Bahrain GP in doubt?
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FEBRUARY 16, 2011

Bahrain GP in doubt?

Bahrain GP 2010
© The Cahier Archive

There are concerns that the Bahrain Grand Prix in the middle of March might have to be cancelled, and the race organisers have issued a statement saying that they are monitoring the unrest in the middle-eastern country and will respond accordingly - as the country is the latest Arab state to face dissent following the revolts that have toppled Tunisia and Egypt.

In the wake of the unrest in Egypt this past week, thousands of protesters gathered Wednesday at the Pearl Roundabout, just outside of Manama - the site of a landmark of a massive pearl that sits atop a set of arches. Police were nowhere to be seen, evidently trying to avoid further confrontations that have left two dead and many injured over the past two days.

The civil unrest has caused concerns that the Grand Prix will have to be cancelled, and that a decision will need to be made soon as the race is planned for March 13th - but more urgently an F1 test is scheduled to begin the week before the race on March 3rd. Teams fear that if conditions do not improve they will face the prospect of endangering personnel and risk having equipment trapped or damaged.

A local group has warned that the Grand Prix could become the target of anti-government protests. Nabeel Rajab, a representative of the Bahrain Center for Human Rights, said, "For sure F1 is not going to be peaceful this time. There'll be lots of journalists, a lot of people looking and [the police] will react in a stupid manner as they did today and yesterday. And that will be bloody, but will be more publicised. This will not stop, especially now when people have died. I don't think it's going to stop easily."

Shaikh Salman bin Isa Al Khalifa, CEO of the Bahrain International Circuit, said in a statement, "The safety of all Bahraini nationals, expats and overseas visitors is a priority at all times in the Kingdom and, at the Bahrain International Circuit, our focus at the present time is on delivering another successful event in the form of the 2011 Gulf Air Formula 1 Bahrain Grand Prix. We are monitoring the situation very closely indeed in association with the relevant authorities, and will respond appropriately to any further developments."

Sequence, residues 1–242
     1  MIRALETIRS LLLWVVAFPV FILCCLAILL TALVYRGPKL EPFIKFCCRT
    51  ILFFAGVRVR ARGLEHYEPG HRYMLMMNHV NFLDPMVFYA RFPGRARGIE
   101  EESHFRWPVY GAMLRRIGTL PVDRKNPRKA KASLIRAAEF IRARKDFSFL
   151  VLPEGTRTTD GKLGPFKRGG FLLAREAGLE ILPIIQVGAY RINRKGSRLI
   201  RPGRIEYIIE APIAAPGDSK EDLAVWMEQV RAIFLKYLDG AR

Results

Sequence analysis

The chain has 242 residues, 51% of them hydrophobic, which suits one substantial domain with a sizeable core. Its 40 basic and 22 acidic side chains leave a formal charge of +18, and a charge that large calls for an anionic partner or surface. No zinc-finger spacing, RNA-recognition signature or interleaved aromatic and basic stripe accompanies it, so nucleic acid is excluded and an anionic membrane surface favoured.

F1 boss Bernie Ecclestone has also expressed concern, but thinks it is too early to call off the event. Speaking to The Daily Telegraph, Ecclestone said, "The danger is obvious, isn't it? If these people wanted to make a fuss and get worldwide recognition it would be bloody easy, wouldn't it? You start making a problem on the start grid in Bahrain and it would get worldwide coverage."

"It's hard to establish exactly what is going on. I'm speaking with the Crown Prince later on. We're watching events closely. We'll rely on what they think the right thing to do is. He is a very realistic person. I have never had any problems in Bahrain in the past and I'm happy to walk around town there. But we don't know now. The world is changing."

Bahrain's King Hamad bin Isa Al Khalifa went on television on Tuesday, saying that the deaths will be investigated and that a committee will be created to look at possible reforms in the country. The King said, "We will ask the legislative authority to look at this phenomena and to suggest the necessary legislation which will solve this in a way that will benefit the homeland and its citizens. The kingdom of Bahrain is a country of law and constitutional institutions. We have a law that organizes peaceful demonstrations that was decreed by an elected committee. The right to express one's opinion is a right that is given by the constitution and has been organized by the law which we must all follow."

There is growing fear in government circles, as demonstrators have started to call for the removal of the royal family. Part of the dissent lies in that the royal family are Sunni Muslims while two-thirds of the population are Shiites, who claim they face discrimination. Bahrain is a big ally of America, and the country houses the headquarters of the U.S. Navy's Fifth fleet.

If conditions in the country continue to worsen it is quite possible that the race will be cancelled. If that were to happen, it would be hard to see a slot on this year's calendar in which the race could be rescheduled.

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